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Middle of the range eateries gain popularity

By Wang Zhuoqiong  (China Daily)

14:18, July 26, 2013

Crowds waiting patiently as they are served seasonal fruit or given free nail polish bottles have become a regular scene outside mid-range restaurants such as The Grandma's or HaiDiLao Hot Pot.

The former is famous for its low prices on certain dishes while the latter often offers free entertainment including dance shows.

These middle-range caterers, which target the masses for family occasions or gatherings with friends, have been developing so rapidly that many shopping mall developers have made them tempting offers to get them in their malls.

Because these establishments get their profits from repeat visits by clients and the high number of visitors they attract, they are often referred to as "fast-fashion brands" of the catering industry, said Shi Jun, vice-president of Allpku, a management consulting firm based in Beijing.

The criteria for the selection of locations also share a strong resemblance with fast-fashion brands. They prefer to be in leading business districts and shopping malls.

Shi said the emerging trend of "fast-fashion" restaurants answers customers' calls for a more casual and relaxed dining environment and affordable prices.

The Grandma's chain has opened more than 60 eateries in major cities including Hangzhou, Shanghai and Beijing, while Haidilao Hot Pot is in 21 cities with 81 stores.

Their popularity and speed of development is challenging established top-end brands, which have been hit by the government policies to crack down on the use of public funds for luxury spending.

In the first half of the year, XE Flavour - the nation's top high-end restaurant group - closed eight stores in major cities including Beijing, Zhengzhou and Shanghai.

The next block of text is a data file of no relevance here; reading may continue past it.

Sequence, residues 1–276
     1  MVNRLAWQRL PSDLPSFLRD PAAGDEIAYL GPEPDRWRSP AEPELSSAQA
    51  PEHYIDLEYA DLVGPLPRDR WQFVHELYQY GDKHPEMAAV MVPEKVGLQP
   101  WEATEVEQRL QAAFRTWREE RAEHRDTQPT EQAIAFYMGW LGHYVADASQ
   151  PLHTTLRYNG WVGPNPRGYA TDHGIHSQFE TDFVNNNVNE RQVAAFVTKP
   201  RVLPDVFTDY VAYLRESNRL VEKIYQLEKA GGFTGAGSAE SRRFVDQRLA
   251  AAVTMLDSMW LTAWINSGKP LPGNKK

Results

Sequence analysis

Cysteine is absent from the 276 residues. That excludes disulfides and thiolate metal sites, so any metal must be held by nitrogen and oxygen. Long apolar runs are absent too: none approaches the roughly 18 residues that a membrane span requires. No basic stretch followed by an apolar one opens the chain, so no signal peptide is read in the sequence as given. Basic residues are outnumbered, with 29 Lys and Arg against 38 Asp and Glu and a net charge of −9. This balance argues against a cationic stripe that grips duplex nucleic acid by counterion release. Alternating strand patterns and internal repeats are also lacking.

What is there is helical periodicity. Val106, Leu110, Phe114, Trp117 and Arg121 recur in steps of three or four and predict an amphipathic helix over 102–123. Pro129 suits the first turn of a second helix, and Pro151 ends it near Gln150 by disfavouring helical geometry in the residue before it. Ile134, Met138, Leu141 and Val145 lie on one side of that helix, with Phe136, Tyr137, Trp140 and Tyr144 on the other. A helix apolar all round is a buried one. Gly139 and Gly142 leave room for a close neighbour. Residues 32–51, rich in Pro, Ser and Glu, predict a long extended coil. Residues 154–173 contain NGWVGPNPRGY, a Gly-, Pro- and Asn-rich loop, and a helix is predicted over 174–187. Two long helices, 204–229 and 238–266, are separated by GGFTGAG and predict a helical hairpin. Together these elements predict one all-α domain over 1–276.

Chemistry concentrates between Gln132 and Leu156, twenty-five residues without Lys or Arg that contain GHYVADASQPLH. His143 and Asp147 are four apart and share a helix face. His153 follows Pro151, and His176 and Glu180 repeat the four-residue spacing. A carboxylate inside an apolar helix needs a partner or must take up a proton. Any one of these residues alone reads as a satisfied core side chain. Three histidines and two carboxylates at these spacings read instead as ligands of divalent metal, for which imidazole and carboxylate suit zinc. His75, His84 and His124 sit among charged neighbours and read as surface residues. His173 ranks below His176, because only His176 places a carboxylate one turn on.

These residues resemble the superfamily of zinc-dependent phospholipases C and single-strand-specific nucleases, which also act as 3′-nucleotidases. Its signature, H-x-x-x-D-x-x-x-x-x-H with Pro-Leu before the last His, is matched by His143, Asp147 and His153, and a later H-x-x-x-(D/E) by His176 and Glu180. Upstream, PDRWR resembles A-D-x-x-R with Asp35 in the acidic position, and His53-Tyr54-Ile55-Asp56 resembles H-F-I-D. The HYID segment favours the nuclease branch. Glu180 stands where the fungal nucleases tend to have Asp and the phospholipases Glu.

The growth of the catering industry's revenue in the first two months of the year was 8.4 percent, down 4.9 percentage points year-on-year.

In the first five months, the revenue of 15 restaurants that focus on business banquets in Beijing was down 36.4 percent, according to data from the Beijing Commerce Commission.

For instance, XE Flavour's first-quarter revenue dropped 30 percent with a loss of nearly 70 million yuan ($11 million) compared with the same period last year.

The company has also adopted a series of strategies including the cancellation of expensive dishes, new service fees and the introduction of more affordable dishes.

In July, the company issued a statement saying it expects a net loss between 160 million yuan and 240 million yuan for the first half, because of the closure of several stores.

Business banquets have traditionally played a major role in XE Flavour's revenue, because most of its stores are located near government departments or institutions, contributing heavily to its previous growth.

Another top-end restaurant company, the Jingya Group, has seen its revenue, number of customers and per capita consumption drop 50 percent, 33 percent and 27 percent, respectively, in February compared with the previous year.

Catering giants have also slowed down their expansion pace. Xiao Nan Guo Restaurants Holdings Ltd has curbed the number of new openings this year and is considering launching medium and low-end brands.

Its The Dining Room unit, a contemporary brand, which opened its first store in Shanghai in June, targets the mass-market.

Bian Jiang, assistant director of the China Cuisine Association, said the reshuffle in the high-end restaurant sector is more or less like squeezing the air out of the over-inflated industry.

Also, many industry insiders believe it's not the restrictions in public spending that are threatening their earnings but the slower development of the overall economy, which will directly affect business and personal consumption.

In addition to the policy influence, Bian said rising rents, surges in food costs, which are growing at 30 percent a year, and the increase in labor costs and taxes have also forced the Chinese catering industry into a more competitive frame of mind.

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